NASA’s Juno Probe ‘Captured’ Strange Sound On Jupiter’s Moon Ganymede
What happened when they picked up this sound on Ganymede could very well be an attempt at communication that we still can’t quite decipher.
There are two versions of this sound on the moon Ganymede, one by the well-known ufologist Scott C. Waring and the other by a scientist.
Scott C Waring
Hey, how awesome is that? When the Juno satellite passed Jupiter, it approached the moon Ganymede.
While he was at it, he recorded this audio, which sounds like an alien transmission sent from the moon into space.
I tried slowing it down 10 times but it still didn’t change much so I slowed it down 20 times and it certainly sounded more musical but without vocals. So if it’s an alien transmission, it’s probably raw data. Below is the original audio at normal speed.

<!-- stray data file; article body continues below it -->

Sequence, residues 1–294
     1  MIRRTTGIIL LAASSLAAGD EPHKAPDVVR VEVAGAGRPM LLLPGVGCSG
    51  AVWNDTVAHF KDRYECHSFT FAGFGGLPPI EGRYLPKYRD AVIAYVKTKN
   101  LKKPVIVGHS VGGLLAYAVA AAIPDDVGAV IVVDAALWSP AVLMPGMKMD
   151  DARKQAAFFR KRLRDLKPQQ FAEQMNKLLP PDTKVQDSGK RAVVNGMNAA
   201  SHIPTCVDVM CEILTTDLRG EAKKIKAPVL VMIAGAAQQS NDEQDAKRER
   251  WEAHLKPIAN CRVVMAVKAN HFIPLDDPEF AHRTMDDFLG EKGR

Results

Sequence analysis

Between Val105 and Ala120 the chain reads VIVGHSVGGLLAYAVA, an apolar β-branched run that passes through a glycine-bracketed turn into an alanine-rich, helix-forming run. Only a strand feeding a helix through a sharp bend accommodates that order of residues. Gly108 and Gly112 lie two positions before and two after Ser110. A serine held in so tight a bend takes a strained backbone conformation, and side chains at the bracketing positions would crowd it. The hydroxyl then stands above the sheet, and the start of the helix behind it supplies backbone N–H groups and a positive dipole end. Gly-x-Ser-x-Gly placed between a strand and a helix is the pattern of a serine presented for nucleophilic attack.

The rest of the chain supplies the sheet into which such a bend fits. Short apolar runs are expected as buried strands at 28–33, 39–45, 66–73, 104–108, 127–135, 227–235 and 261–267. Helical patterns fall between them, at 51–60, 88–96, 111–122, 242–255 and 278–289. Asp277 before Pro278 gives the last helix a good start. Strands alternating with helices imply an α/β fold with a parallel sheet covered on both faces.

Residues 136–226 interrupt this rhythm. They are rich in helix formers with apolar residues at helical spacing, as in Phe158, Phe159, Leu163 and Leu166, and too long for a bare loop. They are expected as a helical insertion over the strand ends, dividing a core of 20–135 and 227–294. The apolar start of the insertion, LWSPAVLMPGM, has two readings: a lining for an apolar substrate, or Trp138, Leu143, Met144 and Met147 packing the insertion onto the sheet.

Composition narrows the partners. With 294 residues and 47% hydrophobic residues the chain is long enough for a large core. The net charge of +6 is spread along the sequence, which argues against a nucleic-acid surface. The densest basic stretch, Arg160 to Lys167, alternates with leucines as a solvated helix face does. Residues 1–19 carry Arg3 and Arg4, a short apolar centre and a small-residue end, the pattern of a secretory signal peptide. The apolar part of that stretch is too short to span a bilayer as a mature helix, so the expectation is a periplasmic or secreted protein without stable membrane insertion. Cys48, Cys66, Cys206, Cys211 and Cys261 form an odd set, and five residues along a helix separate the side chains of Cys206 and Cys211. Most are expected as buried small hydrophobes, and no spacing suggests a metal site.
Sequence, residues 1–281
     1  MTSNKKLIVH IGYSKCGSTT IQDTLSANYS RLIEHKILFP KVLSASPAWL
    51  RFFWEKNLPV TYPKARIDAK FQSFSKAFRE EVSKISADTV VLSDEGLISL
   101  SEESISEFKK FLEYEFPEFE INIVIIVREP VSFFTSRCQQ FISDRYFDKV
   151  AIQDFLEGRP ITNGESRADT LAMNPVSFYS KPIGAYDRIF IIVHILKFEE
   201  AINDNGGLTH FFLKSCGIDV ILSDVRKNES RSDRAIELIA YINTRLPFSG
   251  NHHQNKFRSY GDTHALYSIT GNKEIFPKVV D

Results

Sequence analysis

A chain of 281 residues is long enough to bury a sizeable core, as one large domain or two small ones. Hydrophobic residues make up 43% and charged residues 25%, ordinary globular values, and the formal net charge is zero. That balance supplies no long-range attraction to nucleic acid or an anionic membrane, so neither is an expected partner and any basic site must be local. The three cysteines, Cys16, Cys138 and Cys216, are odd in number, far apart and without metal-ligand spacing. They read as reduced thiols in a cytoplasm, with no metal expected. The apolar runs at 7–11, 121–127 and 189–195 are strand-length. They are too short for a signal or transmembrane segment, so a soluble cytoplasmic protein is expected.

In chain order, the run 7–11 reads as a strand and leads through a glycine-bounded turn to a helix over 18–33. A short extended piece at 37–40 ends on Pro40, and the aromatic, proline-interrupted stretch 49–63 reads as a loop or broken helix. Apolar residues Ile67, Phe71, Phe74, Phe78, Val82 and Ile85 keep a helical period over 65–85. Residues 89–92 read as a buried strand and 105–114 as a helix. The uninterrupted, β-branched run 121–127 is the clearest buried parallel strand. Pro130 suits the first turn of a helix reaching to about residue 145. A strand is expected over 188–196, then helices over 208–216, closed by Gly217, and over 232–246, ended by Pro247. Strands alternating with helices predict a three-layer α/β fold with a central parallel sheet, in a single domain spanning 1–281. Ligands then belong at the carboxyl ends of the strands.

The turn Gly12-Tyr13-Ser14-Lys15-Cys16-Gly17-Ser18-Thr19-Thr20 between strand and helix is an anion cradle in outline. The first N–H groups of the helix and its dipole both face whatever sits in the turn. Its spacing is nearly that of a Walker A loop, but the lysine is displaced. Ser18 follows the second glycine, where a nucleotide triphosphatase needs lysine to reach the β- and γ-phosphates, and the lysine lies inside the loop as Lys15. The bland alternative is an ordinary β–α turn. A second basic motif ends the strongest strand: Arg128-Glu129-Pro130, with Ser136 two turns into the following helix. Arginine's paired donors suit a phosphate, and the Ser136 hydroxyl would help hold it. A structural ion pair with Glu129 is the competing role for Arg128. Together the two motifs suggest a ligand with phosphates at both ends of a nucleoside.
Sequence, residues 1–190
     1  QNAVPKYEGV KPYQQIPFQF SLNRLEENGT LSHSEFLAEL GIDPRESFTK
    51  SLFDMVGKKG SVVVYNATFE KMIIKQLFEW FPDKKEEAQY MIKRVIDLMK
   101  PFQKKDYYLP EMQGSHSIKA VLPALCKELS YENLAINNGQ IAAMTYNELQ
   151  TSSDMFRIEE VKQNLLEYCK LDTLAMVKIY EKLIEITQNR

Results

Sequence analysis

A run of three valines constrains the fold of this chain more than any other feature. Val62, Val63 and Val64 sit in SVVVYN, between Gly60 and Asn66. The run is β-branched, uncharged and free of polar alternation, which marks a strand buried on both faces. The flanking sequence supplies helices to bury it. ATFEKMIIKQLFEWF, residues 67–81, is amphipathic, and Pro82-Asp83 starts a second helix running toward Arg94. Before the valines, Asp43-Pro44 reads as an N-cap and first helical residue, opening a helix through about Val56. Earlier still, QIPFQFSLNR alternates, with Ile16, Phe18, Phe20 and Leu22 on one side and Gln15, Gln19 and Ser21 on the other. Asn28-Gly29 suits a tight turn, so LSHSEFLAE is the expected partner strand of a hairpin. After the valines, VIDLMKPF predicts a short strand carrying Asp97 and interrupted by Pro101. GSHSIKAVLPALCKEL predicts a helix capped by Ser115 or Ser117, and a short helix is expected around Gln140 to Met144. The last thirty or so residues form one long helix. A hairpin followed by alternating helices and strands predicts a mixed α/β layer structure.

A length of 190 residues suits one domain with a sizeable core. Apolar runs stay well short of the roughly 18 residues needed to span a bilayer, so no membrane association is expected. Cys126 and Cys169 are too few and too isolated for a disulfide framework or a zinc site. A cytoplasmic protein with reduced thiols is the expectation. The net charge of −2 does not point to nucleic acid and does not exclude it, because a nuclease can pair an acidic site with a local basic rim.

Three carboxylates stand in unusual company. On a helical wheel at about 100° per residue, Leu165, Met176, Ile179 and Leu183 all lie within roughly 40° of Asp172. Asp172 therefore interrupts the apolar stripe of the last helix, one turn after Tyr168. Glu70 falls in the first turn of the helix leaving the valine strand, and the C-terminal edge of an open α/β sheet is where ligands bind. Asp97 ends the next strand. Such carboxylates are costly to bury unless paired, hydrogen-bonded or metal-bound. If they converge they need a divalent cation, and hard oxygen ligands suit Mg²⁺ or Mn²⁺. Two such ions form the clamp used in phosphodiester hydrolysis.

NASA States: This 50-second video provides an audio and visual view of data collected by the Juno’s Waves instrument as the spacecraft flew past the moon Ganymede on June 7, 2021.
The abrupt shift to higher frequencies around the midpoint of the recording. It represents the movement of spacecraft from one region of the magnetosphere of the moon Ganymede to another. The audio track is created by changing the frequency of these emissions, which range from 10 to 50 kHz, to the lowest audio track. The animation is shorter than the duration of the Juno flyby because the Waves data is edited onboard to reduce telemetry requirements .
NASA ‘s hard science version
“This soundtrack is wild enough to make you feel like you’re traveling along Juno sailing past the moon Ganymede for the first time in over two decades,” said Scott Bolton, Juno principal investigator at the Institute of Science, on Friday. -fair. Southwest Research in San Antonio.
The audio clip was created by electrical and magnetic radio waves produced by the planet’s magnetic field. “If you listen closely, you can hear the abrupt shift to higher frequencies around the midpoint of the recording, which represents entry into a different region in the magnetosphere of the moon Ganymede,” Bolton added.